As discussed in chapter 5, ‘Structure of Stars and More’, Sen made a sterling contribution to models of the universe based on the general theory of relativity. He was highly critical of Arthur Eddington’s and Edward Milne’s models of the universe. Sen’s group investigated the effects of mass, density, radius, temperature and pressure on stellar bodies.
One of his students, U.R. Burman, discussed a method to fit a convective core to a radiative envelope in stellar models in which radiation pressure played a role. He found solutions that were valid under particular conditions. In 1954, Sen and T.C. Roy produced an analytical method free from internal and external singularities, strictly satisfied some necessary conditions, and could be fitted to the field of expanding universe. Their ad hoc method was without Einstein’s subsidiary equations and correctly gave Newtonian approximations.
He studied not only heavenly bodies like stars and nebulae but also took interest in hydrodynamics – in particular modern theories of turbulence. In chapter 6, the authors describe his contributions to the study of Turbulence in fluids. By all considerations, turbulence has been considered to be the most complicated phenomenon that is also yet to be fully solved. It is to Sen’s credit that he delivered three lectures and published his lecture notes in the form of a book, The Modern Theory of Turbulence.
Sen was equally interested in ballistics, modern wave Mechanics, quantum mechanics and cosmic rays. According to the authors, Sen inspired his students to study ballistics. According to Asim Ray, a student of Sen who wrote his thesis on a topic in ballistics in 1966, three years after Sen’s passing: “I desire to remember here my teacher (late) Prof. N.R. Sen, who by his active guidance, kind interest, constant good wishes and variety of ways supported and encouraged me throughout the course of this work.”
Sen also studied unsymmetrical crossed electric and magnetic fields. He assumed that the two fields were much stronger than gravity, so the effects of relativity could be neglected. He calculated the splitting of the hydrogen lines, and for parallel fields he obtained the same results as predicted by the old quantum mechanics.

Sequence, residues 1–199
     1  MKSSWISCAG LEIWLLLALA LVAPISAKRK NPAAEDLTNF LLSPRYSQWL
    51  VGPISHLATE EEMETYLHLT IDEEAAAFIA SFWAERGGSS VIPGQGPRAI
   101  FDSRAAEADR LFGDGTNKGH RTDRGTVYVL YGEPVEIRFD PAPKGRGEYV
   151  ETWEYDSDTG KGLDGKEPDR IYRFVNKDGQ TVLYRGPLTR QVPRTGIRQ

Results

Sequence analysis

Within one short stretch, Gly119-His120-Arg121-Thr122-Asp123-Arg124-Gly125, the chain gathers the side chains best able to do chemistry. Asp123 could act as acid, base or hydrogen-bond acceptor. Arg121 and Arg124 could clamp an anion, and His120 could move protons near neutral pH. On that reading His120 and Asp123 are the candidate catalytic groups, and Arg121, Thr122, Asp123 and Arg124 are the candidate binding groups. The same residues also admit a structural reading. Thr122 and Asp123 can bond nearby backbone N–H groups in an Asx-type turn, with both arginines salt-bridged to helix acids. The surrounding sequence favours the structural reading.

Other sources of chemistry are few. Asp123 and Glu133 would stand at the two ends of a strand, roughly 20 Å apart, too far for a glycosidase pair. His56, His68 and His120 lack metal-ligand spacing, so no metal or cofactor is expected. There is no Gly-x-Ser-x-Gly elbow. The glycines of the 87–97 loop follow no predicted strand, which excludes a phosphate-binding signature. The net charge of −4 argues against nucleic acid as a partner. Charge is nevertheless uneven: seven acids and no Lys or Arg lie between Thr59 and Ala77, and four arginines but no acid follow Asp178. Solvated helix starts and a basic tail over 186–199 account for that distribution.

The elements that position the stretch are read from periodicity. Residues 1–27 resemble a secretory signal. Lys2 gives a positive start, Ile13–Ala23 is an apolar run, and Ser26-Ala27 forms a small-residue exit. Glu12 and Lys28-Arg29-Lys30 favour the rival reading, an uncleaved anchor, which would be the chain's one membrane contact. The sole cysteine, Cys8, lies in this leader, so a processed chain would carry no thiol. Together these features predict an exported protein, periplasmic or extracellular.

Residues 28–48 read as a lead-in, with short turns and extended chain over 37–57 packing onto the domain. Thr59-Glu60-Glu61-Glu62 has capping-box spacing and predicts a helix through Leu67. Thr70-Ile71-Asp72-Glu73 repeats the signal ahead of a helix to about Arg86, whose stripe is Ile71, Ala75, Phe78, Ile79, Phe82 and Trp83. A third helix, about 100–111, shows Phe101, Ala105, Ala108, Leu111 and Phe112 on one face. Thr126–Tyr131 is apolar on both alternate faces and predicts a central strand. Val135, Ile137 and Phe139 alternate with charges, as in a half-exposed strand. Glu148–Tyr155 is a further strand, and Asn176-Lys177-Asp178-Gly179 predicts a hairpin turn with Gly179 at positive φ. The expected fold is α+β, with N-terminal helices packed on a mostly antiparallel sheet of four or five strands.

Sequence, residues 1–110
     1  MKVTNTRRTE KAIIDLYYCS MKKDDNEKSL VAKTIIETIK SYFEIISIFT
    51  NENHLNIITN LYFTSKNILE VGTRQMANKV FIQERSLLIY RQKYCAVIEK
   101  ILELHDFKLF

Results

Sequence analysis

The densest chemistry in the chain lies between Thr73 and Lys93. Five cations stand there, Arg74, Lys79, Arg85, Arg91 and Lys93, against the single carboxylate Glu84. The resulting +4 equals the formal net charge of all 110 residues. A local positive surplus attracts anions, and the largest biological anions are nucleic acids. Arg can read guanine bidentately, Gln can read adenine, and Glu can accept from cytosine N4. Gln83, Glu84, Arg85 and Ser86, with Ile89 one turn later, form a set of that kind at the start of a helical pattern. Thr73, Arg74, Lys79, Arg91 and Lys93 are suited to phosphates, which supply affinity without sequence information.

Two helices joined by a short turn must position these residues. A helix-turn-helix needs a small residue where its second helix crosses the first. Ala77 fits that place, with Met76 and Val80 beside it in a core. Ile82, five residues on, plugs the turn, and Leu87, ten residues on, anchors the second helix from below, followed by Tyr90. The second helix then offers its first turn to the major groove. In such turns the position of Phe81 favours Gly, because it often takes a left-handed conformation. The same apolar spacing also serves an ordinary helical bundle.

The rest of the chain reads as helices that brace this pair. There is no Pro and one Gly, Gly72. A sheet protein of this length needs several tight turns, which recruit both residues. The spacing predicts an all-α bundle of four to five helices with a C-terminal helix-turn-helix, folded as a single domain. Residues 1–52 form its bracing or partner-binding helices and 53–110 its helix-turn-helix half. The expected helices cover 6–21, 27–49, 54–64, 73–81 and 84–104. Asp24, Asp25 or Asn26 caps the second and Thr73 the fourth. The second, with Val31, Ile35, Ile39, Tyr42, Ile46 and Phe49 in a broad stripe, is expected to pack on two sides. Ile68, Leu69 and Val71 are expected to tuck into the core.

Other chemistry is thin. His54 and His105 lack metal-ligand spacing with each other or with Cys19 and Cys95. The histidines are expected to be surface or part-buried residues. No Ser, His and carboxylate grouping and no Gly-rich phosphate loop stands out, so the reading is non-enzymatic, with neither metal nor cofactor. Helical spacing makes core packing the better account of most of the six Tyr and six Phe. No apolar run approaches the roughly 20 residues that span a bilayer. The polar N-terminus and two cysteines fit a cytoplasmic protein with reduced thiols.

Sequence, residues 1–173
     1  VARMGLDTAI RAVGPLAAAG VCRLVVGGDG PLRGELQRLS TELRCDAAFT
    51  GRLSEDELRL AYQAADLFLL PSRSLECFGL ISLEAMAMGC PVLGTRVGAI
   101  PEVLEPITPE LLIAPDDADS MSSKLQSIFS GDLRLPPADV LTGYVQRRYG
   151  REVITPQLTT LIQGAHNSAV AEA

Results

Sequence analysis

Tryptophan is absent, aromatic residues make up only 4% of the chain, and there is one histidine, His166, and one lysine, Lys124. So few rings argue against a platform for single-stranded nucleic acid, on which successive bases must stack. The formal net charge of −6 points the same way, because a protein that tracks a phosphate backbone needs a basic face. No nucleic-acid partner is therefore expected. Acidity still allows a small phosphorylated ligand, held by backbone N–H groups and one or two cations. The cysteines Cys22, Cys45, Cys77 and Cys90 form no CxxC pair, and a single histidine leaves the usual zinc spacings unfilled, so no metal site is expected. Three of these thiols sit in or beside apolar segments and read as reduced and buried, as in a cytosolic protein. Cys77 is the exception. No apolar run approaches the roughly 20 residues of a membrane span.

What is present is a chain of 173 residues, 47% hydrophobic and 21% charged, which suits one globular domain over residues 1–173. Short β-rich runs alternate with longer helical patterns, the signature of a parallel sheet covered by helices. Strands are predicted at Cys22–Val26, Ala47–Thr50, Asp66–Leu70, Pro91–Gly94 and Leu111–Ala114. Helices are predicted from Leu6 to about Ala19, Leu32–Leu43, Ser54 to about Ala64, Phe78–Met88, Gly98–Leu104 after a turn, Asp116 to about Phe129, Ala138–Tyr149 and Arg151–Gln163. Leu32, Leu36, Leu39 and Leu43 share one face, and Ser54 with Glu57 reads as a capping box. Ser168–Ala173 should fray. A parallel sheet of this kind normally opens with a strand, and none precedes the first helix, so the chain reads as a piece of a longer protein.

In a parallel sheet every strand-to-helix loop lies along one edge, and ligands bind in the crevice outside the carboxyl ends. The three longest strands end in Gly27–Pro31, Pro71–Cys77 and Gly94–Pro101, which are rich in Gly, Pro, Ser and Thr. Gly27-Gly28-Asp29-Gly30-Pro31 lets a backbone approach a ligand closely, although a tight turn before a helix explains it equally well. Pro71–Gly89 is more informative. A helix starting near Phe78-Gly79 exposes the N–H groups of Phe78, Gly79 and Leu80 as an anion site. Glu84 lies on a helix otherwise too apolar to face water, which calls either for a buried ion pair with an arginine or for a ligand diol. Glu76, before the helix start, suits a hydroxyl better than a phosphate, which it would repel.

Towards the end of the book, authors Singh and Roy present some salient features of the Calcutta School of Science, which flourished in the 1920s and 1930s. C.V. Raman, Bose, Saha and Sen were a few of this school’s products, but compared to the first three, the authors reckon Sen remained something of a dark horse. He undoubtedly had many firsts to his credit, including being the first PhD holder from India on the theory of relativity, the founder of the applied mathematics department in Calcutta University, the founder of the first fluid dynamics laboratory in India and a promoter of teaching science in Indian languages.
The life and legacy of N.R. Sen needs further investigation, as the authors also suggest, to establish his reputation among the galaxy of Indian scientists who pioneered many new fields of research. I recommend this volume for students, researchers and the people of India who would like to get a glimpse of the Indian heritage in applied mathematics. The authors have dug into the archives of both Germany and India to add an “improved list” of Sen’s publications, and an exhaustive bibliography, to prepare this volume.
Hardev Singh Virk received his masters in physics from AMU, Aligarh (1963) and doctorate in nuclear physics from Marie Curie University, Paris (1972). He has 50 years of teaching and research experience. Presently, he is a professor of eminence at S.G.G.S. World University, Fatehgarh Sahib, Punjab.